Making chestnuts profitable for Michigan farmers
An interdisciplinary research team led by Michigan State University AgBioResearch scientist Dennis Fulbright has been working to make chestnuts a profitable crop in Michigan, not only for the holiday season but for the entire year.
December 10, 2014 - Author: Jane L. DePriest
Chestnuts “roasting on an open fire,” as the quintessential holiday song says, are a December tradition. An interdisciplinary research team led by Michigan State University (MSU) AgBioResearch scientist Dennis Fulbright has been working to make chestnuts a profitable crop in Michigan, not only for the holiday season but for the entire year.
“In about 1904, a fungus called chestnut blight came to the United States from Asia, and it devastated the No. 1 variety of American chestnut tree, the Appalachian chestnut tree,” said Fulbright, a professor in the MSU Department of Plant, Soil and Microbial Sciences. “These trees were often called the food and shelter trees of the Appalachian Mountains because they were decay-resistant and each tree supplied a crop of chestnuts. In about 50 years, this fungus basically eliminated the American chestnut from the Appalachian forest.”
It was soon discovered that the Chinese chestnut tree was resistant to the blight. While farmers in the United States began planting the Chinese variety, Fulbright remained focused on the American chestnut trees.
“In Michigan – and only in Michigan – we have a biological control of chestnut blight,” Fulbright explained. “There was a virus that moved into the fungus that causes the chestnut blight, and this reduced its aggressiveness so that the trees survived and grew back. These Michigan trees are the only ones in all of North America that were able to survive the blight and grow back.”
Today, Michigan has the most acres of any state devoted to chestnut production and the largest number of chestnut-growing farmers, according to the latest U.S. Department of Agriculture data. MSU Extension agents and researchers have worked with farmers for more than 20 years on how best to grow chestnuts in Michigan.
Chestnuts are the fifth most popular nut in the world but are mainly imported into the United States. Fulbright points out that the chestnut is really a fruit that could be considered a grain because of its complex carbohydrates. Once the shell is removed, the nut can be frozen and used year round. The nuts also can be made into flour that is gluten-free. Through a partnership with the Midwest Nut Producers Council, MSU has a chestnut-peeling system set up at the MSU Rogers Reserve for Nut Tree Research in Jackson County, Mich., to demonstrate how to prepare chestnuts for various kinds of products.
Fulbright said new pests, especially those from other states, are his biggest worry for the Michigan chestnut industry.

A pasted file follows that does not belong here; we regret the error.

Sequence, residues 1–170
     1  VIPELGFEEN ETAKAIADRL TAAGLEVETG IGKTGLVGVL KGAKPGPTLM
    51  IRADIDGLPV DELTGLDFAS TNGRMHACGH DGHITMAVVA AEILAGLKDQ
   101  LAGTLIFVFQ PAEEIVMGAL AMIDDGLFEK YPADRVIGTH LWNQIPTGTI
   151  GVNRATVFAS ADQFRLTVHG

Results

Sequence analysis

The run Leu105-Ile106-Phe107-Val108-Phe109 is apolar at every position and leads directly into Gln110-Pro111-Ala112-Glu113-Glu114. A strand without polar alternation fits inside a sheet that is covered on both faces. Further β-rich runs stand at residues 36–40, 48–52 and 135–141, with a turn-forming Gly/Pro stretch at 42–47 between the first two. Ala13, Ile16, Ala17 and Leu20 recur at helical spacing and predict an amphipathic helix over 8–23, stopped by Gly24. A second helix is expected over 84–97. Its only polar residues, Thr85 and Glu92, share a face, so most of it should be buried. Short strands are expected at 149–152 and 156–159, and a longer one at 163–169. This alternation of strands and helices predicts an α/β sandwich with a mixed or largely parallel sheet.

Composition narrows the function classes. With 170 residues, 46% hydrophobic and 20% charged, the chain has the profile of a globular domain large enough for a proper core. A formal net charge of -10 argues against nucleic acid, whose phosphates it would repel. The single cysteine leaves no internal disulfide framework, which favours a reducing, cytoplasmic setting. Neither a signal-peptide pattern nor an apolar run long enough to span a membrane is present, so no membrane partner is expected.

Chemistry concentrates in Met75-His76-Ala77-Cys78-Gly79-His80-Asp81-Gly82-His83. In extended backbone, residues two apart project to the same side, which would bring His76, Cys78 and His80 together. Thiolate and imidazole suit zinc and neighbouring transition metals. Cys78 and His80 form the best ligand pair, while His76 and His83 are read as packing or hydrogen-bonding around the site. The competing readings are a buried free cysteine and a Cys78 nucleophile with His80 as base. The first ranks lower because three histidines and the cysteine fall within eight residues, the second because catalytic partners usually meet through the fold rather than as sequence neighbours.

The Asian gall wasp is a big concern,” he said. “It was first found in Georgia but has moved north.”
The Michigan Department of Agriculture and Rural Development also is monitoring this pest and trying to prevent it from coming to Michigan. Chestnut trees to be planted in Michigan have to come from within the state or from other designated states so they don’t bring in pests.
In 2011, Michigan chestnut growers harvested approximately 100,000 pounds of chestnuts, nearly double the 2010 crop, according to figures on nuts received through the industry cooperative and estimates from producers. That’s because 2011 was an excellent growing season and because yield increases as the trees mature. The 2012 crop was affected by the spring frosts, but a larger crop than was first expected was brought to the cooperative for marketing.
“Few of the trees in the northern areas of Michigan were affected by the spring frosts, and many of the chestnut trees in the southern portions of the state recovered from the frost, set new flowers and produced nuts,” Fulbright explained.
This was the first time that growers and researchers had observed the trees setting new flowers on their lateral branches, but this happened only on the trees that MSU researchers had advised the growers to plant – trees of the cultivar ‘Colossal.’
“This is really a good example of planting the right cultivars in the right locations,” Fulbright said. “While some growers lost significant yields to the frost, other growers broke their all-time yield records in 2012. That was primarily due to their proximity to Lake Michigan.”
In addition to support from MSU AgBioResearch, the chestnut project has received funding from Project GREEEN (Generating Research and Extension to meet Economic and Environmental Needs), the state’s plant agriculture initiative at MSU; and from the Ernie and Mabel Rogers Endowed Research Fund, U.S. Department of Agriculture (USDA) Ag Marketing Service grants, the USDA/Michigan Department of Agriculture and Rural Development Specialty Crop Block Grant Program, and a state of Michigan Julian-Stiles value-added grant.